Members of RSPA’s STS Committee recount their experiences regarding how their businesses and their partners adapted to the COVID-19 pandemic. Committee members offering their insights are:
Kevin Kogler, MicroBiz
Nick D’Alessio, Brother Mobile
Deepak Satya, Stealth Start-up
Kalon Welch, FastSensor
Uwe von Sehrwald, Truno
Thomas Greenman, Skurla’s POS
Josh Sullivan, Magnolia Solutions
David Gosman, HP
How has the COVID pandemic affected your business positively or negatively? What have you done to adapt to these changes?
Nick: Certainly, social distancing and looking after the well-being of employees working in our warehouse has been a new and challenging task. We have successfully separated three shifts so that they use different entrances, break areas and restrooms where possible. Work tasks have also been separated so that workers stay the recommended distance apart. If anyone on any of the shifts should become ill or test positive, only that shift would need to be quarantined, allowing the other shifts to continue operating.
Uwe: It has affected us both positively and negatively. Parts of our business have exploded while some retail-focused projects have been put on hold. Grocery retailers are extremely focused on managing the increased sales, labor issues, inventory management — anything to enhance frictionless checkout. Making it easier to manage existing staff, being efficient in e-commerce and providing solutions is big. Same for self-checkout. This pandemic has gotten people “off the fence” for many of these solutions.
David: My employer HP always has a focus on responsive support and maximum uptime of its point of sale products and that hasn’t changed. A new focus, however, has been developing guidance for cleaning of equipment. Many businesses are tempted to wipe down point of sale and payment hardware with whatever random cleaning chemicals they have access to. Some chemicals, however, can damage hardware, especially after repeated cleanings. HP has released guidance on which chemicals and wipes are approved for repeated cleaning along with instructions of how businesses should properly wipe, clean and disinfect their equipment.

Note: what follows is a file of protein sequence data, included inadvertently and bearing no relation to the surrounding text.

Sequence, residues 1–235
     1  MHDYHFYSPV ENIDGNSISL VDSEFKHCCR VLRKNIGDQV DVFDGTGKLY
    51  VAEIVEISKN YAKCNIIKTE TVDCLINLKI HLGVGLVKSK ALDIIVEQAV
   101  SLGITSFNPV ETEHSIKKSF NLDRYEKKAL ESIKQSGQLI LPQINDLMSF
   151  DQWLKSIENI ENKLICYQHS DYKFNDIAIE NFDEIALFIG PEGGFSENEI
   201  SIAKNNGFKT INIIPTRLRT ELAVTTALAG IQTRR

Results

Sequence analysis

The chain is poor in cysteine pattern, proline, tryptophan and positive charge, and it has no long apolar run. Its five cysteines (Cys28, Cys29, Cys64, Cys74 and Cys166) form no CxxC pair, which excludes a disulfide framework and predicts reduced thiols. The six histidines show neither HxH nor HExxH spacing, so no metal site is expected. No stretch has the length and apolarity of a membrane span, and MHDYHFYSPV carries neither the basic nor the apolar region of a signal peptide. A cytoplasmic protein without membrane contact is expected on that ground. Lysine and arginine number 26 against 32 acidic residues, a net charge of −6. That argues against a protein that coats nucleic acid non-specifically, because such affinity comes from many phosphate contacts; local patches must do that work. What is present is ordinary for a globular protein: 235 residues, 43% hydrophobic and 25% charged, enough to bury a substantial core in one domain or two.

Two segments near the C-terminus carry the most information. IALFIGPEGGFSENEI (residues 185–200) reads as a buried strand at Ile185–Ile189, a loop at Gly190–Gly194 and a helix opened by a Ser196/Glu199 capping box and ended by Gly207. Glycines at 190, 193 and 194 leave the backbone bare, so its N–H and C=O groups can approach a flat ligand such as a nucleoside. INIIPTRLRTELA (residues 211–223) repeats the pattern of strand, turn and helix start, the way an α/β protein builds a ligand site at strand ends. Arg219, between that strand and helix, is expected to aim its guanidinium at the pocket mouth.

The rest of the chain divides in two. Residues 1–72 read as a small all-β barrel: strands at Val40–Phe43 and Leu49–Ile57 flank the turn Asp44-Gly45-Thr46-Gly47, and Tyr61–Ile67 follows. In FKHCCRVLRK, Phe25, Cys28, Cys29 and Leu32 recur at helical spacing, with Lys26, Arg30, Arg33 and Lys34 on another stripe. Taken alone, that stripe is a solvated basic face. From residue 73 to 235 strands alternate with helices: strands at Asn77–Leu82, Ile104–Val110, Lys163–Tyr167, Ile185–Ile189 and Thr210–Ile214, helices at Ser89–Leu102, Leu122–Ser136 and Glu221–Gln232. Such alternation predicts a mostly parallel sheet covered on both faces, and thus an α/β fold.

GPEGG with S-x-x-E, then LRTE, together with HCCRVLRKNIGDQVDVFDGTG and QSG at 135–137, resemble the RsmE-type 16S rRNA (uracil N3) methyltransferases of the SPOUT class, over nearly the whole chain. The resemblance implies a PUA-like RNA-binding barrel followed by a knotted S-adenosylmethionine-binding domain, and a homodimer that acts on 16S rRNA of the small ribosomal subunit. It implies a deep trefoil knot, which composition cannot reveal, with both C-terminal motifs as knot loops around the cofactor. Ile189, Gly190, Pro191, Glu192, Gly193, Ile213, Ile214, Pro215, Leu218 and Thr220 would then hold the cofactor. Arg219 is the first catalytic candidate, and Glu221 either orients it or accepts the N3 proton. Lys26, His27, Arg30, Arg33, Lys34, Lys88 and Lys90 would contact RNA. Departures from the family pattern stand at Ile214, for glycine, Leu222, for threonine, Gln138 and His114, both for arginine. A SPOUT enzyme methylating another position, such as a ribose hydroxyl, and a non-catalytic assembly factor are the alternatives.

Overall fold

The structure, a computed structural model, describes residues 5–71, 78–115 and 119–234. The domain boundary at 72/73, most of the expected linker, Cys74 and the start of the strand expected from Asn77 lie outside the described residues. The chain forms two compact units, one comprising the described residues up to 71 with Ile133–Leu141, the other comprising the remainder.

Josh: I have had a couple of clients tell me that they are closing. That is heartbreaking, but it’s hard to ride out something, emotionally, financially, etc. for so long. For others, I have tried not to push on overdue invoices. I know this is a difficult time for everyone.
Kevin: The impact has been mixed. We did have several clients close or ask for financial relief, and some deals have been pushed out. On the other hand, some retailers had to quickly pivot to roll out e-commerce sites or better tools for online or phone orders. Many retailers are using this break to reevaluate their operational efficiency and have decided to upgrade their POS system as part of this review.
Deepak: As a budding startup developing next generation AI-based operational analytic solutions for small retail, restaurant and hospitality businesses, our target market has significantly shrunk. While we have not abandoned this target market, we plan to expand our focus to medium-size businesses which have been comparatively less impacted.